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Gortat v. Capala Brothers

April 9, 2010

MIROSLAW GORTAT, ET AL., PLAINTIFFS,
v.
CAPALA BROTHERS, INC., ET AL., DEFENDANTS.



The opinion of the court was delivered by: Glasser, United States Senior District Judge

MEMORANDUM AND ORDER

Defendants object to a combined report and order by Magistrate Judge Steven M. Gold certifying a collective action under the Fair Labor Standards Act ("FLSA") and recommending that the Court certify a class action for claims under the New York State Labor Law ("NYLL"). For the reasons stated below, the Court overrules defendants' objections to Magistrate Judge Gold's report and recommendation, adopts the report and recommendation substantially in its entirety, and grants plaintiffs' motion for class certification pursuant to Rule 23 of the Federal Rules of Civil Procedure. For the reasons stated below, the Court also overrules defendants' objections to Magistrate Judge Gold's order certifying the collective action and directing plaintiffs to submit a proposed notice of the collective and class actions.

FACTS & PROCEDURAL HISTORY

Plaintiffs are laborers and foremen formerly employed by Capala Brothers, Inc. ("Capala"), a construction firm. They allege that they were illegally underpaid and bring claims against Capala and its principals, Pawel and Robert Capala, under the Fair Labor Standards Act ("FLSA"), 29 U.S.C. §§ 201 et seq., the Portal-to-Portal Act, 29 U.S.C. § 254, and the New York State Labor Law ("NYLL"). On June 11, 2009, plaintiffs filed separate motions asking the Court to certify a class action with respect to the NYLL claims and to certify a collective action with respect to the FLSA claims.*fn1 On October 16, 2009, Magistrate Judge Gold issued a single opinion ("Order & Report") which both authorized plaintiffs to proceed on the FLSA collective action and recommended the certification of the NYLL class action.*fn2 In addition to certifying the collective action and recommending class certification, Magistrate Judge Gold issued instructions regarding the proposed notice to be sent to putative members of the collective and class actions. On October 28, 2009, defendants filed objections to Magistrate Judge Gold's order ("Defs.' Objs. to Collective Action"), contesting both the certification of the collective action and the form and contents of the proposed notice. On November 3, 2009, defendants filed objections to Magistrate Judge Gold's recommendation of class certification ("Defs.' Objs. to Class Cert."). Plaintiffs have not responded to either set of objections. The Court assumes familiarity with this litigation generally, and with Magistrate Judge Gold's October 16, 2009 Order & Report specifically.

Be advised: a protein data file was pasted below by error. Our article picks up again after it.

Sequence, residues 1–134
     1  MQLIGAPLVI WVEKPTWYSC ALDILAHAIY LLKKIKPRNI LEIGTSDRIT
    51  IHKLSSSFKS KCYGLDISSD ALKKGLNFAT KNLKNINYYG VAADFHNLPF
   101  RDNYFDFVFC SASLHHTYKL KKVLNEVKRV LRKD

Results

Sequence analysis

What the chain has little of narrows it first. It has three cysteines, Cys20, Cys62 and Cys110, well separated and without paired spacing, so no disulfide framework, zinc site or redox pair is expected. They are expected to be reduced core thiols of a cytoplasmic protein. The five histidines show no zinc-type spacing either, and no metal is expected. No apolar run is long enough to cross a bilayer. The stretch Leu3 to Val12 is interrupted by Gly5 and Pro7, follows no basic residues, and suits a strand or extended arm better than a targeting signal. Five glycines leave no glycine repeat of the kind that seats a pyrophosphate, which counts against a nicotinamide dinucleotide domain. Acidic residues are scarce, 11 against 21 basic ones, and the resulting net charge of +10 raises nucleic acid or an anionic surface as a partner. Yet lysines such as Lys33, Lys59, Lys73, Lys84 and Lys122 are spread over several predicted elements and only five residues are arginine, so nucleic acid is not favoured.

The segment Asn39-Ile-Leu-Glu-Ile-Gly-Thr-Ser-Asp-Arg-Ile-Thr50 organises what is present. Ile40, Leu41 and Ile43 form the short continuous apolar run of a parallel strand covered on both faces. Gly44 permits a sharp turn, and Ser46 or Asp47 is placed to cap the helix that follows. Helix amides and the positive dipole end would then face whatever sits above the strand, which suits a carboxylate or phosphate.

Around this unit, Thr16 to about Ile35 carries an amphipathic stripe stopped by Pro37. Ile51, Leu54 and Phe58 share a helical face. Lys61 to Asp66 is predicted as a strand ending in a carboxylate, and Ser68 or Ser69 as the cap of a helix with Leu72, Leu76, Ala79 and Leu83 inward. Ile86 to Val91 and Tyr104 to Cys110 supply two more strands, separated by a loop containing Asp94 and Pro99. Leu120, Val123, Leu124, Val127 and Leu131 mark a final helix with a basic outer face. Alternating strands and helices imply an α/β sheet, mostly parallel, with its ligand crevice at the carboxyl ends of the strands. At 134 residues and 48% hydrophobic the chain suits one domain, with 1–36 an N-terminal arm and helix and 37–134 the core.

DISCUSSION

1. Class Action

a. Standard of Review

Under 28 U.S.C. § 636(b)(1)(A), a magistrate judge may not decide a motion "to dismiss or to permit maintenance of a class action." The district judge may, however, refer such a motion to the magistrate judge for a report and recommendation. 28 U.S.C. § 636(b)(1)(B). When a magistrate judge issues a report and recommendation regarding such a dispositive motion, "[t]he district judge must determine de novo any part of the magistrate judge's disposition that has been properly objected to." Fed. R. Civ. Proc. 72(b)(3).

b. Ascertainability

Defendants first challenge the class certification on the grounds of ascertainability. Although it is not one of the formal prerequisites for class certification defined in Rule 23(a) of the Federal Rules of Civil Procedure, "courts have held that in order for a class to be certified, the named plaintiffs must demonstrate that there is an 'identifiable class.'" Cortigiano v. Oceanview Manor Home For Adults, 227 F.R.D. 194, 207 (E.D.N.Y. 2005) (quoting In re Methyl Tertiary Butyl Ether Prods. Liab. Litig., 209 F.R.D. 323, 336 (S.D.N.Y. 2002)). This standard, however, is not demanding. It is designed only to prevent the certification of a class whose membership is truly indeterminable. See, e.g., Rios v. Marshall, 100 F.R.D. 395, 403 (S.D.N.Y. 1983) (narrowing class definition when proposed class would require determination of the state of mind of numerous putative class members). It does not require that every class member be identifiable prior to class certification. See Ashe v. Bd. of Elections in New York, 124 F.R.D. 45, 47 (E.D.N.Y. 1989); Somerville v. Major Exploration, Inc., 102 F.R.D. 500, 503 (S.D.N.Y. 1984). Rather, the Court need only "be able to ascertain the general boundaries of the proposed class." In re Methyl Tertiary Butyl Ether Prods. Liab. Litig., 241 F.R.D. 185, 194 (S.D.N.Y. 2007) (internal quotations omitted). Here, plaintiffs' proposed class is limited to persons employed by the defendants during a definite period of time. This easily satisfies the ascertainability requirement.